With the projects, if you look at the upgrade of our armoured vehicles, this now allows us to go to the full complement of upgrading our LAV 6. Our LAV 6 were being upgraded before, but not to the full quantity that we needed. By now getting to the full complement that the army had requested, it allows far greater flexibility for our leadership for what's needed in Canada, but also for further deployments, for example, the battle group we have currently in Latvia and our contributions we're making towards that.
    On the fixed-wing search and rescue, this is one capability, in talking to some of the SAR techs in Comox, where we're going to have the centre of excellence, the training centre there, that is going to modernize how we do search and rescue. We're literally bringing the technology into this. Rather than just looking from binos, we're looking at how we can identify, from people to ships to aircraft, with sensors and being able to fine-tune, and getting the SAR techs, the people who are going to do the equipment....
    As much as we're looking at the investment, this is the capability we were talking about in SSE. We didn't want to have just a laundry list of things that we're buying: what capabilities are we improving?
    As you know, search and rescue is done across Canada, and this capability, in my opinion, is literally going to revolutionize search and rescue in Canada.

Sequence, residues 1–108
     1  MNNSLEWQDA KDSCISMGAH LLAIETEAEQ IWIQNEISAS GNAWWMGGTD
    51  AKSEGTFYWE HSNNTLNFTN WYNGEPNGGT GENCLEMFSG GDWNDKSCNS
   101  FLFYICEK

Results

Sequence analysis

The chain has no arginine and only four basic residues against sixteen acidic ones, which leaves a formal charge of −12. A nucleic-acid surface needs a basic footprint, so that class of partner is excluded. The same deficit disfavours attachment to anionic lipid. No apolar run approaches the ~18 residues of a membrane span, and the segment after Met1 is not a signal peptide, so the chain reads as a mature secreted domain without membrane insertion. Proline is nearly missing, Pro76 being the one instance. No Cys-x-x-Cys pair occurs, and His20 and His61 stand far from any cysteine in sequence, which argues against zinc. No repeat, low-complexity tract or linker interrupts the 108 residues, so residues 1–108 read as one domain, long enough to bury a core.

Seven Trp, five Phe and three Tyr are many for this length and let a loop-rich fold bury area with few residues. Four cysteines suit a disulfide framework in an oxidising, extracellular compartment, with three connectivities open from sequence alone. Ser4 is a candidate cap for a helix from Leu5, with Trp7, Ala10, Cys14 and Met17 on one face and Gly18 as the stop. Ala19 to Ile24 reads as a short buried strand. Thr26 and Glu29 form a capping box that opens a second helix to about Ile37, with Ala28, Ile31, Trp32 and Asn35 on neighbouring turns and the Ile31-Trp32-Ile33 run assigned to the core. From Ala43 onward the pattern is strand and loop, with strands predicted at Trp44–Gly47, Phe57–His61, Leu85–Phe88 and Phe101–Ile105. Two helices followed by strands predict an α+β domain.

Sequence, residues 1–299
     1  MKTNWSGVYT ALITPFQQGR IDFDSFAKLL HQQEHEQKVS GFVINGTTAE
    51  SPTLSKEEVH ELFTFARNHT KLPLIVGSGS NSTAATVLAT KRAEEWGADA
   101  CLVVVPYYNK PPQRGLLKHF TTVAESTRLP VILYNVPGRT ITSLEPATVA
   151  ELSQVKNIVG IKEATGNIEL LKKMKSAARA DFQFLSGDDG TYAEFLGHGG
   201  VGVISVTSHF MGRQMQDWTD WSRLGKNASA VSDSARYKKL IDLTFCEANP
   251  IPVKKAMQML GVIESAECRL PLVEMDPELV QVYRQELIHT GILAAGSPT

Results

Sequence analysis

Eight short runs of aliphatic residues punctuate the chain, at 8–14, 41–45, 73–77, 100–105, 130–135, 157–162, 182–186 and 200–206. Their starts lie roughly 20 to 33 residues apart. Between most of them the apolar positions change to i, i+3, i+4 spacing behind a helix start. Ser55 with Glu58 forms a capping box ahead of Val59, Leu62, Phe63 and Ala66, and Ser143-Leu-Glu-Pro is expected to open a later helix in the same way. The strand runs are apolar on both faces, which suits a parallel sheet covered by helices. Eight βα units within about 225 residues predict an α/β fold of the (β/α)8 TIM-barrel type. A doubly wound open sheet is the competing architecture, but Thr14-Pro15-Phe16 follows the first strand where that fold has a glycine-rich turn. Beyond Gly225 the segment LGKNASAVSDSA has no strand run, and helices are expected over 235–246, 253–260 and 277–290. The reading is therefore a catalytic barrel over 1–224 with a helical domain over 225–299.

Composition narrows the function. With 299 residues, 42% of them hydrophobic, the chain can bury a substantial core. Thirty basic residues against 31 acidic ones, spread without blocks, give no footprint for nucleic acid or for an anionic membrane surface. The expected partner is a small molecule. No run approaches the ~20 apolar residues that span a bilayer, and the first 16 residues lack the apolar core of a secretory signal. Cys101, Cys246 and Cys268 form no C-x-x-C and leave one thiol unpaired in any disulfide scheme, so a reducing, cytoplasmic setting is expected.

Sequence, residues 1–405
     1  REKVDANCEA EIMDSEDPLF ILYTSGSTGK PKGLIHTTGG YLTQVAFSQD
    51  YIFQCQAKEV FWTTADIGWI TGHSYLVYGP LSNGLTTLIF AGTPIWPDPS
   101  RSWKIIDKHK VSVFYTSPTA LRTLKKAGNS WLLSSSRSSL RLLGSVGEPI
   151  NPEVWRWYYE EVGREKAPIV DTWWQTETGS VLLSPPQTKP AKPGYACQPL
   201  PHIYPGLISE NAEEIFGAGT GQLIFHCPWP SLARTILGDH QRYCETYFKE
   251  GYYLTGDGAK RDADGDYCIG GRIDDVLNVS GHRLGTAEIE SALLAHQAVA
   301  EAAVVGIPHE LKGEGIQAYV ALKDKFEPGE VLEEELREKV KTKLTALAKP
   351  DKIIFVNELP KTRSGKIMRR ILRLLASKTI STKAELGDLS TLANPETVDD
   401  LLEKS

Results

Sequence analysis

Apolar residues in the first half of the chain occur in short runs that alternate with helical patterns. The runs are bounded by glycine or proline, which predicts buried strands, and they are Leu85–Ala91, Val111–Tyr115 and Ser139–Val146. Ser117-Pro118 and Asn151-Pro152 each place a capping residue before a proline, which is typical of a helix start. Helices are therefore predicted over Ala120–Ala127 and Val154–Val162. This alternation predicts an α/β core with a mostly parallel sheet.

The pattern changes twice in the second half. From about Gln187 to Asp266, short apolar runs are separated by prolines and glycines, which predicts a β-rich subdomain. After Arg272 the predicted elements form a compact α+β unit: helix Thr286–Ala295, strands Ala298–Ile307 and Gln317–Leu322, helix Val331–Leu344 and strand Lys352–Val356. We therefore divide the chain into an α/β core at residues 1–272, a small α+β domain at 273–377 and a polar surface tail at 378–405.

Thank you, Minister.
    MP Deltell, welcome. The floor is yours.


    Thank you, Mr. Chair.
    Mr. Minister, ladies and gentlemen, it is a great pleasure and honour to meet you today.


    First of all, Minister, I think this is the first time I have had the chance to have an exchange with you. I'm very pleased for that.
    As a Canadian, I want to thank you for what you have done for our country when you served in our army. You served well; you defended yourself well. You defended our country and the values of our country very well. Thank you so much, Lieutenant-Colonel, for what you have done.


    When the government was elected two and a half years ago, we saw a major change in rhetoric, in words. A lot of emphasis was placed on those who have brought great honour to Canada in the last half-century. They are the peacekeepers, the people who go to serve with the blue helmets.
    We have heard a lot about it, but the reality has sometimes been different.